Miami residents at the meeting said they want the cops to stay — and they want more of them.
Coconut Grove's Fernand Amandi, a prominent pollster who has rallied neighbors to fight for more cops, cradled his young son in his arms while demanding the city hire 100 more officers.
"When people are breaking into my house and the homes of my neighbors, it's no longer something that can be tolerated," Amandi said.
Richard Steinberg, an attorney who lives in the Grove and also asked for more cops, put it bluntly: "I'd like to die here -- but not before my time."
Police and other city employees did make some headway Thursday.
With the city's finances finally stable after years of shortfalls, commissioners agreed to a one-time 3 percent bonus for all full and part-time employees. Cost to the city: $6.8 million, from a $15 million surplus in this year's budget. The move requires ratification by the city's union members and does not affect the city's 2014 budget, which begins Oct 1.
"This is a promise made, and a promise kept," said Commissioner Michelle Spence-Jones. "They have our backs every single day, and now we have to have their backs."
The vote passed 4-1 with Sarnoff voting against. The commission chairman said he preferred that the money go toward restoring police benefits. Commissioners Suarez, Carollo, Spence-Jones and Wifredo "Willy" Gort voted in favor.
"We have a crime wave in the city of Miami," Sarnoff said.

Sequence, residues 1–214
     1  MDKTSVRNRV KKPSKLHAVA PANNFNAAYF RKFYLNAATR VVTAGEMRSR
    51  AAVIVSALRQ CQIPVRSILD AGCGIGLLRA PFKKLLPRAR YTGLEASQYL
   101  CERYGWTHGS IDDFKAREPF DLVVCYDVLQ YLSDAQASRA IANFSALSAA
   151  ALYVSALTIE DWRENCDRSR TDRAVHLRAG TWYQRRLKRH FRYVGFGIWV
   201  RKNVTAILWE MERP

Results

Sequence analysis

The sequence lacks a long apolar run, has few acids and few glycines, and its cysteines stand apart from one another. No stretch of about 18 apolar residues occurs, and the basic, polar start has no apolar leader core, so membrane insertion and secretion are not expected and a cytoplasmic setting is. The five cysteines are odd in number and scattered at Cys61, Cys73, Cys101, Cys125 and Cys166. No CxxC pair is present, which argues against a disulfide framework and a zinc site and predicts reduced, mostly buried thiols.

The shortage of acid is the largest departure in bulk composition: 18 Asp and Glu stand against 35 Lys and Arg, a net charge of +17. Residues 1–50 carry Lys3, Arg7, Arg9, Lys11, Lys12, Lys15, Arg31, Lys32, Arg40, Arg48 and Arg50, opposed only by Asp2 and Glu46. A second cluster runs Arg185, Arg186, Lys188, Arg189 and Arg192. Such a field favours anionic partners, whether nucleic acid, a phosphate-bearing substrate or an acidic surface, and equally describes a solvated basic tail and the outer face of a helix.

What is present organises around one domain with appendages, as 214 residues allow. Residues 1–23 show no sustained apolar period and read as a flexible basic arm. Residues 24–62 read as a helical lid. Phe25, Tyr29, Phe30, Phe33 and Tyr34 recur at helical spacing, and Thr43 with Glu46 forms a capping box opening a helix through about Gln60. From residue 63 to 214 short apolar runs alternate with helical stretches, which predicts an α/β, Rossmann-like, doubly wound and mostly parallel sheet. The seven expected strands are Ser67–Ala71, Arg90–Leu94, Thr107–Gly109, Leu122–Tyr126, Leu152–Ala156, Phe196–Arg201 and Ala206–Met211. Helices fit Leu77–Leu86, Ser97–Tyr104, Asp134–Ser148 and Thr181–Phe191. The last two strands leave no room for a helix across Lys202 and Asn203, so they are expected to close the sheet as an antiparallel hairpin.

Crime numbers supplied by Orosa don't seem to back Sarnoff's claim of rising crime. Overall, according to the chief, crime is down 1 percent in Coconut Grove's five zones. That didn't mean much to the crowd that has seen crime rise in certain categories within zones. Larceny is up in some places, and burglaries are up in the South Grove, where Amandi lives.
Commissioners gave preliminary approval to the budget shortly after 10:30 p.m. The spending plan calls for a property tax rate of $8.43 for every $1,000 of taxable property — a small drop from this year's $8.47. It would translate to a savings of $8 for the owner of a $200,000 home with no homestead exemption.
The plan also calls for city offices and department budgets to remain essentially flat.
The proposed budget plan would add millions to the city's reserves, to bring it up to $57 million. It increases the police department's budget by $9 million, to $167.3 million, and keeps the fire department's budget relatively intact at $99.6 million.
The 25 new officers would bring the police department to the 1,144 level the city believes puts it on sound footing. Sarnoff has argued that the ratio of officers to population significantly trails other major cities like Philadelphia and Atlanta.
City Budget Director Daniel Alfonso, the acting city manager who crafted the spending plan, noted the proposed budget was better than years past, though still flawed. There aren't enough reserves, and no money for raises, building repairs, new computers or to fix potholes, he said.
"There's just not enough in the pie to allocate all the reserves we'd like to have," Alfonso said.
Copyright 2013 The Miami Herald
McClatchy-Tribune News Service